Mark Trencher:

Yes. I have three children. They all went to Yeshiva day school. They all went to the elementary school here in Hartford, Connecticut, where I live. My son went to MTA, dormed for four years in Manhattan. My daughter went to Bruriah in Elizabeth. My other daughter went to Shevach in Queens. And then my son went to YU. My daughter went to Stern. And my younger daughter went to Touro. So I went through all that rigmarole.

David Bashevkin:

You went through it all. So I want to ask –

Mark Trencher:

Even worse than that, I had to drive my daughter on Sunday nights to New Haven, where she took a train to New York. And when she got to New York, she took a train to New Jersey. And when she got to New Jersey, she took a cab to a home where she lived, where I had to pay the homeowner for boarding, because the school did not. So I mean, I fully appreciate the enormous, enormous sacrifices that we Orthodox people make for education.

David Bashevkin:

And let me ask you, did it ever affect you? I mean you grew up and maybe, my friend, who I’ve quoted before, Moishy, who really is probably the person who shaped my approach to finances most, always said that inflation, the cost of living in the Orthodox community always outpaces inflation and the general cost of living indexes in the rest of the world. Did this ever, how did the cost of living affect you personally? You’re looking at this survey and you’re seeing thousands of people responding in different ways. How did it affect you?

Mark Trencher:

Yeah, so I had an insurance agent, he was actually a friend of mine, and he did a financial assessment for me. This was around when I was, it was around that time, my kids were in high school. He said to me, “Mark,” he said, “You’re not in great shape right now, but I’m projecting this out to the future. So all I can tell you is that things will look better.” I think he was projecting a time when I didn’t have these expenses. It is challenging. I had a negative balance in my home equity line of credit for years, for years. I remember taking money out and you did not have to pay back the balance for a certain period. And then after a certain number of years, you had to pay it back with interest.

So yeah, it was very challenging. And I do appreciate that. So in terms of me personally, we never… but I think unlike most people who said, “You know what? We’re doing what we have to do.” I will say this. I will say, one of the things people said, when we ask people at the end of a survey, what advice would you give an Orthodox family that’s struggling? One of the things they say is live in a community where you don’t have to keep up with the Joneses. We’re blessed to have lived in a community where there’s not that competitiveness in terms of spending. So that’s the good.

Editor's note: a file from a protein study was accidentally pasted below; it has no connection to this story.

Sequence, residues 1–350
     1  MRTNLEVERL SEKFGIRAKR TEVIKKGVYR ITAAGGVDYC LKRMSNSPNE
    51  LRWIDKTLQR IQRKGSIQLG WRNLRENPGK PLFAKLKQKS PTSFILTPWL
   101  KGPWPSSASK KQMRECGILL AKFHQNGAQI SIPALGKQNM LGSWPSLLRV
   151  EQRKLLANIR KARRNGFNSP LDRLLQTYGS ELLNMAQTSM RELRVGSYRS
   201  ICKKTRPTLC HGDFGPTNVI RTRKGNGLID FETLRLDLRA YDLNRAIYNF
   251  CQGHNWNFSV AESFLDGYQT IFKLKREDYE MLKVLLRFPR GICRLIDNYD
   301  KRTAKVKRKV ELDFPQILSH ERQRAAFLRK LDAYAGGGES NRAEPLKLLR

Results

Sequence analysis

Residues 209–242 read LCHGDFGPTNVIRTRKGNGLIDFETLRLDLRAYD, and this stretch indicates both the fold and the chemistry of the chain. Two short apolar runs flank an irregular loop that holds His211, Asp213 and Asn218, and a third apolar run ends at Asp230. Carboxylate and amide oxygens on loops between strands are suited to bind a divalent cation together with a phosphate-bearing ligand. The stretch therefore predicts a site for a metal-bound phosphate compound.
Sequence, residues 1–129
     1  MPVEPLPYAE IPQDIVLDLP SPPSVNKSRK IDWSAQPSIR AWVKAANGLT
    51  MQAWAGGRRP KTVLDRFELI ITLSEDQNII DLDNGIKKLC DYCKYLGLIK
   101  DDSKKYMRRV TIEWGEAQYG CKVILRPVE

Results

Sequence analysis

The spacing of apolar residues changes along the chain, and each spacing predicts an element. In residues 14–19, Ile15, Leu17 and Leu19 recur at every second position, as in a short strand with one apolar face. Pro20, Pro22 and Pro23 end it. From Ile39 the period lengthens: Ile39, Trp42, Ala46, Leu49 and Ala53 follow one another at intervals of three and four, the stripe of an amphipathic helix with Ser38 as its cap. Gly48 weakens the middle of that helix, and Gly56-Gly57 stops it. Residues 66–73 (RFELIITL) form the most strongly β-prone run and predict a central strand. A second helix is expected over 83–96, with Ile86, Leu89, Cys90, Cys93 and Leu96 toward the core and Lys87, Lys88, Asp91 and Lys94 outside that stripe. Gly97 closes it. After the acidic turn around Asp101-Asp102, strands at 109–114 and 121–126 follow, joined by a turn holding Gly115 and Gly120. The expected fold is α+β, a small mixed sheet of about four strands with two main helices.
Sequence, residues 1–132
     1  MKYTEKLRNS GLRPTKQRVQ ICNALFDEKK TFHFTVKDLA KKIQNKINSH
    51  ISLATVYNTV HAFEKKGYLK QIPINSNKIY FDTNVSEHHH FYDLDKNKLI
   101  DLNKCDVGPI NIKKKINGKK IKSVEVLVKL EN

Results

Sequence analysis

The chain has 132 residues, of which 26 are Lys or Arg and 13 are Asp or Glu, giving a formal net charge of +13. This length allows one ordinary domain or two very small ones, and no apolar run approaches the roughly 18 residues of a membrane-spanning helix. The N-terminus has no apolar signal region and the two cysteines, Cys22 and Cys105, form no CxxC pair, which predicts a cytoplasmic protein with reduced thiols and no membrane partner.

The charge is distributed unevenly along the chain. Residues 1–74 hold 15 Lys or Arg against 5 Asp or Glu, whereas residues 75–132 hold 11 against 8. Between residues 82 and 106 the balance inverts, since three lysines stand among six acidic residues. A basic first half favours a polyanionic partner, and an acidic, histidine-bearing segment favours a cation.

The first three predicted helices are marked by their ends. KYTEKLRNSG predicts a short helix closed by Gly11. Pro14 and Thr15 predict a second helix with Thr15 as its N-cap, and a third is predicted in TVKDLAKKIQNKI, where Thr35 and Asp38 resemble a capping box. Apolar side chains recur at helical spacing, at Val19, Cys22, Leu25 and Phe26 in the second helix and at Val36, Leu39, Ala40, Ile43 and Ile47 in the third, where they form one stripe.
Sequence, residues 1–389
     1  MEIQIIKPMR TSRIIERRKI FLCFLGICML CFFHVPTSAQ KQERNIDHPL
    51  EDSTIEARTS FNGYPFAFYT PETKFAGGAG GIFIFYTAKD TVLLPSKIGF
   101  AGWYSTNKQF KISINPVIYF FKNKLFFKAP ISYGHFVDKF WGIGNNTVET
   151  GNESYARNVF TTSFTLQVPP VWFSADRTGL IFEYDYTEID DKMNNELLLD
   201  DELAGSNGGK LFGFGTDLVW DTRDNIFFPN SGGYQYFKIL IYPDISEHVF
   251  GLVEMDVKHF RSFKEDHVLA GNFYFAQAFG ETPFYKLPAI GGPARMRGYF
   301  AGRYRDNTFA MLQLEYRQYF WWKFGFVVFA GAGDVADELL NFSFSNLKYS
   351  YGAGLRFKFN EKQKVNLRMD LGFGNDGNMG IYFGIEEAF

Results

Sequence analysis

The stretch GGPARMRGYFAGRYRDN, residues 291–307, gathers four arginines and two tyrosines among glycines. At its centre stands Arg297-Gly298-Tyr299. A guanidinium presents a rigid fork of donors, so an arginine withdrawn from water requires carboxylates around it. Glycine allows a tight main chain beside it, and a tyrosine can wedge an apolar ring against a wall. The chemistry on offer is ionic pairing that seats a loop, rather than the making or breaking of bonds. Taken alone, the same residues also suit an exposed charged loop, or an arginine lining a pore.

David Bashevkin:

Is that a deliberate choice on your part, and why you chose the community you live in?

Mark Trencher:

Well, it was, it was a choice to move out of the New York area. And once we moved out, we just… We lucked into a community that was very, very, very open to that kind of attitude.

David Bashevkin:

You’re kind of the heroes of the people who, again, I’ve never been to your home. I’ve never met you. You don’t look, you don’t strike me as somebody who lives an all that extravagant lifestyle. But I really think that it’s people like yourself who really give that path, that middle path that needs to be highlighted more within the Jewish community.

Mark Trencher:

I would also say that the end of a survey, we ask people how they would advise a family that’s struggling, and interestingly enough, the number one thing people said was, quote, “Live within your means and don’t stress about those around you.” We are part of a community that requires immense wealth, but there are places in the US, and certainly Israel, where you can have a great life without incredible wealth. Quite a few people mentioned making aliyah. Somebody else said, “Get out if at all possible from high cost of living Jewish communities. Forget about the need to keep up with the Joneses. Vacations and Pesach programs aren’t a required element of being Jewish or observant. It’s not easy to do, but it’s possible.” Cost savings was not lechatchila a priority, something I had in mind when we moved out of the New York area, but in the end, it did work out that way. So it’s good.

David Bashevkin:

So were there any specific strategies that came forward, aside from the ones you’ve mentioned, which, again, I couldn’t agree with more. I think that your environment shapes your wants and desires more than anything else. Were there any other specific financial strategies that jumped out at you that you think would be valuable to share with our audience?

Mark Trencher:

Well, I think, I think the main strategies are, first of all, to be very open, to be open to location. Consider, A, finding a community. I should say that sometimes I speak in shuls and people tell me I don’t like my shul. And one of the first things I did when I established my practice was I needed to create a mailing list of shuls because I wanted to communicate, so I went to 250 shul websites. And one of the interesting things about the American modern Orthodox community is there’s a huge variety in shuls out there, and types of shuls in their hashkafah, their worldview, the people. So I tell people that depending on what you’re looking for, and this was not a financial statement that I made, but I was telling people religiously, if your community is not a fit, depending on what you’re looking for, you may find it out there. And guess what? Post-pandemic, people are working from home. So this might be a time for people to consider where they want to live.